When looking at why King Richard III had such a turbulent two year reign; keeping the peace in the land wasn't exactly a walk in the park. One of the most pivotal rebellions during his reign was Buckingham’s Rebellion in the fall of 1483. Oh Henry Stafford, pulled a Lord Stanley but two years earlier. The rebellion was not just one incident but a series of events, that even included an attempt on Richards life. The rebellion, ultimately failed, and heads were lost. More damaging to Richard’s psyche was that this was a man whom he trusted, and was at one point of time in the inner circle of loyal supporters of his brother Edward IV. More than likely this installed a sense of distrust in Richard and the men whom he most trusted as well.

The intent behind the conspiracy was to depose Richard III and restore Edward V, Edward IV's son to the throne. In the midst's of events, word got out that the princes were gone from the tower. Interestingly, it was Buckingham who proposed getting Henry Tudor to come out of exile and claim the throne and to marry Elizabeth of York. Part of his plan was to have Henry invade England via Wales.  Henry Tudor didn't make it to the shores of England this time. Weather made him turn back and return to Brittany. Buckingham’s Welsh forces were defeated by Richard. Buckingham fled and attempted to seek sanctuary and arrange passage to Brittany. He was caught on a bounty put out by the King and tried for treason. He was beheaded on November 2, 1483 in Salisbury. Richards most trusted and also well treated right hand man, obviously had proven himself untrustworthy. How many people left at court could he trust? “Trust no one” hops into my mind, it probably did in Richards too.
King Richard III (Aneurin Barnard) "The White Queen"

The more and more I delve into these last two years and the ones leading up to Richard’s death, the more the whole ordeal seems to be like one big sub plot going on behind the scenes. Richard is the puppet, and his men in court are pulling his strings, and orchestrating events to make him look as bad as they can, and crown snatching becoming their main objective, making their move into power, as seamless as possible. This theory is quiet evident when one looks at the information that scholars have discovered about the disappearance of the princes.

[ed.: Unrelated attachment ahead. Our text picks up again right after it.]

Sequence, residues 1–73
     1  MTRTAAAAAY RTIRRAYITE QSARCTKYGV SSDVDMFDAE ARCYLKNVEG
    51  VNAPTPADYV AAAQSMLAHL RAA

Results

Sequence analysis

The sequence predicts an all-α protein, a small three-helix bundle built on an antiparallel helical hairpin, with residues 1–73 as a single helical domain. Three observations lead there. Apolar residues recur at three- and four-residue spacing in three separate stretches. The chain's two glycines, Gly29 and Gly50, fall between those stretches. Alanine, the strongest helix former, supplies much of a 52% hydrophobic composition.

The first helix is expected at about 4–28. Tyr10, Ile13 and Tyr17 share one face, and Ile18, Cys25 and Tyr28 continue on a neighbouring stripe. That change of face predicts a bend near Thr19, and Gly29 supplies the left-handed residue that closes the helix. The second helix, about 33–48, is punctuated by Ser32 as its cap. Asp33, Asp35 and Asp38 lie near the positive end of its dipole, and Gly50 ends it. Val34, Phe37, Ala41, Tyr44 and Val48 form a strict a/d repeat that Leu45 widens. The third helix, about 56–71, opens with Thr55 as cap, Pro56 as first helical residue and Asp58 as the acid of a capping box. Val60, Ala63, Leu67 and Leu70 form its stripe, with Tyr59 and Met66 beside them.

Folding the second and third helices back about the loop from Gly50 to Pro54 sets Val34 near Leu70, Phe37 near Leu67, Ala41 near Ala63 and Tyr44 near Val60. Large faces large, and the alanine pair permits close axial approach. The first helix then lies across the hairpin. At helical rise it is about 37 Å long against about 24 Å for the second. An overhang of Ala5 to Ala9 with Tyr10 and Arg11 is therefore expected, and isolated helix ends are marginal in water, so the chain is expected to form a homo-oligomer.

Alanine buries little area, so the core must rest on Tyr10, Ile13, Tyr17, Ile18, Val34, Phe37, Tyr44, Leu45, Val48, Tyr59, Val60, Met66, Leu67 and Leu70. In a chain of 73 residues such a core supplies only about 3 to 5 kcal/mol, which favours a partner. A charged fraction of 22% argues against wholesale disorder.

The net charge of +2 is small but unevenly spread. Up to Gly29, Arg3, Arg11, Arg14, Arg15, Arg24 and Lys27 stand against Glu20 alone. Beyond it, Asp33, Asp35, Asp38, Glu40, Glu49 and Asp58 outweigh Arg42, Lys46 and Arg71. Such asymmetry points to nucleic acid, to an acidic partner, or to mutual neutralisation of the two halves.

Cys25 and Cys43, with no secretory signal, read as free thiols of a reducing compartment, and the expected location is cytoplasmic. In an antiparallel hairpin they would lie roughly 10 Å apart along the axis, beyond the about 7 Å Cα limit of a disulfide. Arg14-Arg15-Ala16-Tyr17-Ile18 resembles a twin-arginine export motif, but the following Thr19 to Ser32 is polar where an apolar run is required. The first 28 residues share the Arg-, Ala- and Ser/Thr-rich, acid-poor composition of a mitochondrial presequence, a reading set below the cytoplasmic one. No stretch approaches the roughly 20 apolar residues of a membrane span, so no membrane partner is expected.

Noted, it is scholarly hypothesized that Buckingham was a prime suspect in the disappearances of the princes.  It is theorized that he too was trying to make claim to the throne that Richard was sitting on. Debating that he too had similar legitimate ancestry of the Beaufort line, and a claim to the throne which was yet stronger than Henry Tudors. This now adds a third person to the “Game of Thrones,”  but in 1483 style. The move (Act of disappearing princes.) was thought by some, as a way to blame and dispose Richard and then Buckingham and Henry would be left as rivals. This of course did not come to light, as Buckingham was caught and executed. 

Also interestingly, in 1980 a manuscript was discovered in the College of Arms, that cites the princes were murdered "be the vise" of the Duke of Buckingham. But there is some argument over whether "vise" means "advice" or "devise," and, if the former, in what sense. (http://www.cyberancestors.com/cummins/ps56/ps56_160.htm) This claim alone makes it look like Richard was set up. Taking into consideration as well, the timing that all of this happened, it was right after Richard claimed the crown, and right before the rebellion took place. Was this in fact a warning to Richard that there were others that had been closer to Edward IV, and in his inner circle, that wanted the throne perhaps more than Richard? Time can only tell, and unfortunately for Richard, it did.

Sunday, 12 January 2014

King of the North: Richard III and the city of York

“welbyloued of my neyghbours, true to my frendes, obeysaunt & devoute in thynges religious…” from The Declamation of Noblesse

After Edward IV became king, he gave his brother Richard, Duke of Gloucester lands in the north of England to govern, including the borderlands of Scotland and some of the most prominent cities in the north of England.  Richard had been in control of the north since 1461 under his brother Edward IV.  His relationship with the north had already been growing.  Soon after he wed Anne Neville, he was granted more lands, and the forfeited lands of Warwick.  Richard was then dubbed, “Warden of the West Marches of Scotland.”  During the summer of 1482, Richard invaded Scotland at King Edward's command to control unrest from the relations and political upheaval coming out of France.  Richard’s relationship with the north of England was not always one of championing for his brother the king, but one of good relations with its cities.  One such city, York, was not only was a city that he had close relations with, but it was also a city that greatly loved and supported him. By looking at this relationship between king and city; we can gather quite a different picture of what Richard was really like, definitely not one of tyrannical sorts. 
 
Battle of Bartlet c.Geoffery Wheeler
York was a great city that deeply honored and held Richard in highest esteem. They looked to him in economic hardship for help and in returned granted him the warmth and welcome befitting to a great king.  This is seen in by the many gifts of generosity to his family.  Because Richard had spent much of his youth in Northern England, Yorkshire and Middleham Castle, he was very close and had close patronage in the north. It was here he made generous donations and contributions to the church, held great parties displaying gifts to its citizens and gifts to him as well. In showing such support on the day of his coronation, the mayor and Alderman traveled to Middleham Castle to bring his son, Edward gifts of wine and food. (Source: History of York; http://www.historyofyork.org.uk/themes/medieval/king-richard-iii-and-york)